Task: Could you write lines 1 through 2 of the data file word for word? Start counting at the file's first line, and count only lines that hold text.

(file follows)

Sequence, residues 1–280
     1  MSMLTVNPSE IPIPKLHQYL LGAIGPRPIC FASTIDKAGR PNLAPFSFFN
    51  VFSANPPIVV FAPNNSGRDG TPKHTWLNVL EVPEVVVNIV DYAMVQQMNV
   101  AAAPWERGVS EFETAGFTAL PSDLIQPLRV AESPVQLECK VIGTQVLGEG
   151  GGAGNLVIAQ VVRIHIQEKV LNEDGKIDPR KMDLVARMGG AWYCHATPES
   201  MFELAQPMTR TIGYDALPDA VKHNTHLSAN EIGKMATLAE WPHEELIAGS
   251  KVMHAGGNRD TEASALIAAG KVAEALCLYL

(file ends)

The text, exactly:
Sequence, residues 1–280
     1  MSMLTVNPSE IPIPKLHQYL LGAIGPRPIC FASTIDKAGR PNLAPFSFFN